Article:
The suspect's victims were small-time street vendors, operating out of push-carts. Police say he would pose as a health inspector, or a Sheriff's deputy, and then shake the vendors down for cash.
"He was preying on probably the most vulnerable part of our population out here. The people that have very little money, and he knows are very, very unlikely to report the crime," said Captain Blake Chow, Los Angeles Police Department.
Nicolas Zavala Morales, 49, is currently held on a $1 million bond. He is charged with impersonating an officer, robbery and grand theft. Authorities say he would use a fake badge or other props, as part of his scheme to extort money from street vendors.
"He has a portfolio, he opens it up ... and in this portfolio is a letterhead that has an L.A. County seal on it. So, he's holding himself out as an L.A. County health inspector," said Captain Chow.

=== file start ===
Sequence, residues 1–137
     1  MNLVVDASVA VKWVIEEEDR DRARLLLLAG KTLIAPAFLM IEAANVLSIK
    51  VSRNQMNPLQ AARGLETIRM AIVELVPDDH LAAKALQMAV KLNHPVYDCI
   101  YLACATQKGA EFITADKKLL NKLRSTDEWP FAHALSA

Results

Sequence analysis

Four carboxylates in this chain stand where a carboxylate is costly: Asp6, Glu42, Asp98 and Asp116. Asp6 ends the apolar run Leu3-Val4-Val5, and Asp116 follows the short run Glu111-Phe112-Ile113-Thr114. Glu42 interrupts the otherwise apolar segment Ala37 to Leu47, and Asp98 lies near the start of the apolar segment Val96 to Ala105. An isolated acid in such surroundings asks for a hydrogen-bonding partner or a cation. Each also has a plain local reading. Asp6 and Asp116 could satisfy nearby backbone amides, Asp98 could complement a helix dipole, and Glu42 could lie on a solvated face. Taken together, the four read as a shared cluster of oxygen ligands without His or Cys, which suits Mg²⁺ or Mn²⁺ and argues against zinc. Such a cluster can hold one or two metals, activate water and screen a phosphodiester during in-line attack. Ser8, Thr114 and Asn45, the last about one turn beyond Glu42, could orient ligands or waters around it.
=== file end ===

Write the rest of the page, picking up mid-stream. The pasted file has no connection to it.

Officials made Zavala's case public in Boyle Heights on Wednesday because they want others to be aware of imitators. Officials believe there are others targeting street vendors who are operating without a permit, or are in the United States illegally. Therefore, they may be more unlikely to report the crime.
"Irrespective of whether these people are operating illegally or not, this person committed a crime upon them ... that should not be tolerated," said Jose Huizar, Los Angeles City Council.
Some in the community say the arrest makes street vendors feel safer about their situation.
Authorities say Zavala likely targeted more people, specifically in Orange County, and they would like victims to come forward and report those crimes.